How many times did you see this... this lady? Victoria asked, unsure of what, precisely, she should call her. She'd never met a true courtesan before, but had heard of them, whispered of in hushed, reverent conversations in her tavern.

Twice, Diego confessed.

Only twice?

Her response surprised Diego. Don't you think that was enough?

Victoria snorted. Not when compared to some of the stories of visits with women of... of ill repute... that I overhear some of my customers telling about...

Diego smiled as she rolled her eyes. Referring to the fact that she had heard, and always would hear, many things in her tavern, Diego said, I guess you know more about reality than the normal lady ever learns.

The 'normal lady' is supposed to remain 'innocent' until she gets married, Victoria pointed out, in a slightly sarcastic tone of voice.

True, Diego conceded, refusing to fall to the bait of her sarcasm. He knew he would have to be careful in what he said, for he, in essence, agreed with what Victoria was saying, but he also didn't wish to revile the customs of the day, either. So he continued, but in a quietly modulated voice and with carefully chosen words, But is that really when you want someone you plan to marry find out about..? He didn't finish, as the subject of intimate relations was a rather delicate topic, in spite of the way he and Victoria were able to discuss it so freely with each other.

Many men expect that the woman they plan to marry be as innocent as an unborn baby. Victoria went on to admit, I was so worried that you would think the same way.

Diego had a sudden insight that wasn't unlike Victoria's realization the night before that he was the masked bandit. An explosion suddenly went off in his head. Is this what had you so upset last night? Victoria nodded, and Diego couldn't help his smile as relief at finally comprehending her problem flooded through him. He considered that relations with another man who had moved away while they had both still been teenagers to be relatively a minor issue, but apparently Victoria's concerns were that he would believe more along the lines of what was commonly held as an inviolate practice. Setting her at ease, he smiled again and said, It is prevalent in a marriage for the man to know much more about the wedding night than the female, but is the wedding night when one really wants half of a wedding party to discover what a marriage is all about? he asked. And personally, I have always wondered about the practice of expecting virginity in women when the same thing is not expected of men, but in order for men to become so... He floundered for a moment, and finally settled for the word, ... knowledgeable.., they have to encourage women to become exactly that thing that they are taught from birth to revile. Such a double expectation doesn't make much sense...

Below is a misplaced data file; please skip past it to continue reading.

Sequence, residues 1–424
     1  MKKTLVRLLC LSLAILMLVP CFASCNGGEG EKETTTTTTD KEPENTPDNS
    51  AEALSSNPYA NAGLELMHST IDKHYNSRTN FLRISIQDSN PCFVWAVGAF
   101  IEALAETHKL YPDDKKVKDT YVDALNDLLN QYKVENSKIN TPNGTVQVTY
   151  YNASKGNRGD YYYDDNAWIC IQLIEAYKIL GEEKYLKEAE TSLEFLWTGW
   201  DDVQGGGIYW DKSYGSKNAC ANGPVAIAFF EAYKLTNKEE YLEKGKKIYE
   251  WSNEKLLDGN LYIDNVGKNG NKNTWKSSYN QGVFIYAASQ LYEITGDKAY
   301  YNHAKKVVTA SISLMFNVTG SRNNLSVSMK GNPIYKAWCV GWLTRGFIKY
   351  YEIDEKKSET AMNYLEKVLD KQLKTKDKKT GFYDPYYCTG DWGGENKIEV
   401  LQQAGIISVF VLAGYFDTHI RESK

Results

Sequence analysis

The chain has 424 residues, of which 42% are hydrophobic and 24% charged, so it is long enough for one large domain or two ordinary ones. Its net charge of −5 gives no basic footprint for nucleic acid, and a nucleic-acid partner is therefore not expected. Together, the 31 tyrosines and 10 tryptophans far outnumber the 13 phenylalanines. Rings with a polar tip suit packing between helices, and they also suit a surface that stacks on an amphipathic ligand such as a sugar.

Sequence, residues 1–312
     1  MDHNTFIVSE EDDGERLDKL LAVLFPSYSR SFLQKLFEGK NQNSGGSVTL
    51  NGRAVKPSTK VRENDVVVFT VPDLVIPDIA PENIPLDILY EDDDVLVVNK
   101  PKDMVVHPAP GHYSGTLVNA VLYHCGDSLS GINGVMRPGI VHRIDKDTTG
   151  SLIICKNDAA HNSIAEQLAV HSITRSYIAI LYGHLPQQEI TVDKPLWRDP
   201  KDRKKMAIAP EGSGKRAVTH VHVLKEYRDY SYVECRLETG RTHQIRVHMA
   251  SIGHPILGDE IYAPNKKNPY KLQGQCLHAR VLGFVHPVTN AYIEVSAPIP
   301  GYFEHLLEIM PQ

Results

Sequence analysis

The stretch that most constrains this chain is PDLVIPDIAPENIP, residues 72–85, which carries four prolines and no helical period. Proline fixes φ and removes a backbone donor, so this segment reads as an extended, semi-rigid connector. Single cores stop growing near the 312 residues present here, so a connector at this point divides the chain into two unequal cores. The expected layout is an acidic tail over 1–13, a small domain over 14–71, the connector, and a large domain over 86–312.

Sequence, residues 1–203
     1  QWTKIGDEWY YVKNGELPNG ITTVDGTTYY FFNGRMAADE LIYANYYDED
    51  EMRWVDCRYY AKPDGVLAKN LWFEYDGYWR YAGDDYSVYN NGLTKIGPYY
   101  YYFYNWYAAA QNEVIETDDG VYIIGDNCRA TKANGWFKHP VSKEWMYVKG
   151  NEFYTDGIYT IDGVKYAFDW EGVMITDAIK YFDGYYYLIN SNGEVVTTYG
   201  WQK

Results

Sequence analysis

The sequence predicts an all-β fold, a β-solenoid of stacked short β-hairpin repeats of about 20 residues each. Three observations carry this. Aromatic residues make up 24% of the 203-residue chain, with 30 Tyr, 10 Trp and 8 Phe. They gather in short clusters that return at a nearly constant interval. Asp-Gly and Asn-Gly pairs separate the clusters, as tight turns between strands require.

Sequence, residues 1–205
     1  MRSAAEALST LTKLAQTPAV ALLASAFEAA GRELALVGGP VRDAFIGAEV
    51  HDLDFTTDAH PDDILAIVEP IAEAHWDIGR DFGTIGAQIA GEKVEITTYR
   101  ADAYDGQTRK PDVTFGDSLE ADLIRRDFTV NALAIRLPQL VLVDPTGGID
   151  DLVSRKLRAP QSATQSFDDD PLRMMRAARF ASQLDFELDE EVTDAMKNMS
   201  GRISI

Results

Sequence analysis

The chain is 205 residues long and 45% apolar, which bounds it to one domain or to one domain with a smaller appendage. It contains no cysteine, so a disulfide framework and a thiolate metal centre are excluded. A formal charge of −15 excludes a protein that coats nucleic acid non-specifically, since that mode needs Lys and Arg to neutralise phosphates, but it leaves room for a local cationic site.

Victoria couldn't quite withstand such a direct referral to the very subject she had been so concerned over for several years. I've always wondered the same thing, but I also know that to give such an opinion might be enough to make a person become very unpopular. I decided it was best to keep my thoughts to myself...

A miracle, in your case, Diego grinned in a teasing manner.

Victoria eyed him, then continued as if he hadn't even spoken. ... but I have to say that keeping anything to myself was extremely... um... worrisome... when it came to you.

I guess we both had secrets that we were keeping from each other, Diego murmured thoughtfully.

Victoria started, then wrapped an arm around each side of his waist. I promise to never keep anything from you again if you promise to do the same thing.

Diego had to keep grinning as he hugged her back. An easy promise to make, he said solemnly. Much like that earlier promise I made in the plaza to declare my feelings for you when I was free to do so...

I'm waiting, Victoria said, interrupting him with a slightly sing song voice.